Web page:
Law and practice in respect to the occupation of land in Ireland: minutes of evidence: part II

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great grievance. 
If all thc Irish proprietors were to act as liberally with their tenantry as 

the gentleman for whom 1 manage, the people would have very Httle cause to complain -"•-11"'-"-under the former proprietor; when he Mi. 

O CD ' J. 
The property was formerly held by a middleman, died, thc property fell in to Mr. 
Thc tenants owed thc representative oTthe middleman £400 or £500. 
That representative was proceeding upon the bonds or bills and notes of those tenants, ancl the landlord stept in and paid thc arrears for thc tenants to tho representative of the middleman, and thereby relieved them, and kept them on the property, ancl reduced thc rent one-third. 
lie pays twenty guineas a year, which is considered a very liberal sum, towards the dispensary in the district, where he has only £1,100 a year. 
Towards all the roads made ho contributes most liberally ; and indeed in all cases in this country where English proprietors have property, you find then* tenantry much more comfortable than under Irish ones. 

[The witness withdrew.] 

Denis M,ihony. 

The Reverend Penis Mahony, sworn and examhied. 
Where is your residence?—Dromoro 
Castle, about five miles from this town, in the county of Kerry. 
Are you a landed proprietor?—Yes. 
What is the district with winch you are so well acquainted as to be able to give us information ?—Thc 
district is the parish of Templcnoe, where I reside—the next parish to this. 

What is thc general description of that parish ?—It 
is chiefly a mountainous district, arable in. 
some measure, but the arable bears a very small proportion to the whole. 
My estate in the parish of Templenoe contains a gross amount of 18.662 
acres, of which there were, when the survey was made in 1837, 2,034 acres of arable, the remainder being coarse mountain and pasture, but the greater portion of it is capable of reclamation—it is aU deep pastured by cattle. 

In what manner is it mostly let ?—It 
is let in a variety of divisions ; to each farm there is a certain portion of arable and a certain portion mountain. 
Is the agriculture on the arable part improving?—Yes, 
Is there any increase of tUlage going on in thc upper part ?—I 
am speaMng of my own estate only, and on that there is. 

Have you in any, and in what manner given encouragement to improvement upon that part of the estate ?—Yes; 
by giving premiums for thc growth of turnips. 
I give £15 a premium in five divisions. 
Last year I had very few competitors, but this year there are about thirty who have sown turnips, and they will compete for the premiums. 
Are there many leases held in common ?—Upon 
this part there arc no leases in common. 
Have you taken any pains to instruct the tenants as to thc manner in wMch they could make the turnips most useful ?—Yes. 
My agent, Mr. 
Hyde, wlio acts for me, goes through the estate and directs them in thc improvements, and how they are to cultivate their turnips.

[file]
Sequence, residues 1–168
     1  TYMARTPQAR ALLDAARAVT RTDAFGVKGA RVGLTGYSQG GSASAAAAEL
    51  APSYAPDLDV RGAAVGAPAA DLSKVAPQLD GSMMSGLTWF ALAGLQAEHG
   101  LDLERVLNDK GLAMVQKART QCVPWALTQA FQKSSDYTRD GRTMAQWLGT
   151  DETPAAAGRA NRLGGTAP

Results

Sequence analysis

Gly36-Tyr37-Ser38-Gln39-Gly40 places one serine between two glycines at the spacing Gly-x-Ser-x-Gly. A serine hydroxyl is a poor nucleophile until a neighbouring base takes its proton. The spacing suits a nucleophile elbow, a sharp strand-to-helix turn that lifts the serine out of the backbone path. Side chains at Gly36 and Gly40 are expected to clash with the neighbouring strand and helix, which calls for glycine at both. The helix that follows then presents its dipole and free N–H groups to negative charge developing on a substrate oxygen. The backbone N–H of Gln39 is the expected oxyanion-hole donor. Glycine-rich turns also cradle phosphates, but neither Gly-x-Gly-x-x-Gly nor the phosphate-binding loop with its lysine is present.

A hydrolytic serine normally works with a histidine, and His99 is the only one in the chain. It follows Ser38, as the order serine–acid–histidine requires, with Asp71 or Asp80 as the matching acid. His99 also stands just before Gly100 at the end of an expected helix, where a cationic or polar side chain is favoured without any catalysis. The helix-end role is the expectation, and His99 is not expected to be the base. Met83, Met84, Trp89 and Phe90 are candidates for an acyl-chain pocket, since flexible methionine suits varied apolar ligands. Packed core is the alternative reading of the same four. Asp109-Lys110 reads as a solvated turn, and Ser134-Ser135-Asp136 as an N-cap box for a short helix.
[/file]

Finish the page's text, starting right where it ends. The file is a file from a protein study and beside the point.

He is both agent and steward. 
Is he employed exclusively in instructing them ?—No 
; his business is to account for the coUection of the rent, and the improvement of thc estate, wliich is of more consequence than any thing else. 
He is employed exclusively upon my own estate. 
In what manner is the rent fixed in your case ; is it by proposal or valuation gene¬ raUy?—I 
never let the land by proposal. 
I put a rent upon* it myself; they never bid for it, nor is there any arrangement but what I choose to put it upon. 
Have you had any means of comparing the poor rate valuation with the letting value ?—Yes. 
My land is let at about the "same valuation as the poor law valuation. 
When, a depression in the times took place I reduced the rent twenty per cent, to some, and it is now upon the same footing. 
Do you give the tenants any other encouragement in then-improvements than you have stated ?—Yes, 
in the maMng of ditches. 
I give them timber for their houses, and to those who are diposed to make use of timber in the making of carts. 
Now they have got roads made through the wild places, they aU get timber for then-houses. 
By whom were the roads made ?—I 
made a good many at my own expense. 
There has been one pubHc road made by the Board of Works—they subsoUed one portion and the county another, and I subscribed £400 myself; it is a road that runs through the centre of my estate. 
Is there any thing you can suggest as to the improvement of agriculture ?—I 
could not suggest any thing of more service than the establishment of agricultural schools. 


1 think that would do more good than any thing else. 
In the parish of Templenoe, a district six or seven mUes EngHsh in width and the same in breadth, there is one school in one part of the parish, and another in another, that would afford opportunities to the cMldren of the tenants to avaU themselves of it. 
If the landlord was to grant a piece of land uncler those circumstances, and if those schools were erected partly at the expense of the country and partly at the expense of government, it would contribute greatly to the improvement of the parish. 
Are there any schools hi the parish ?—Yes; 
but not of any importance to the advancement of agriculture. 
If there were agricultural schools estabhshed, their nunas would be better qualified to receive instruction in every way. 
, ^ 18. 
Has there been any attempt to introduce agricultural histruction in any of the scnou that have been estabhshed ?—No. 
I have given pamphlets myself.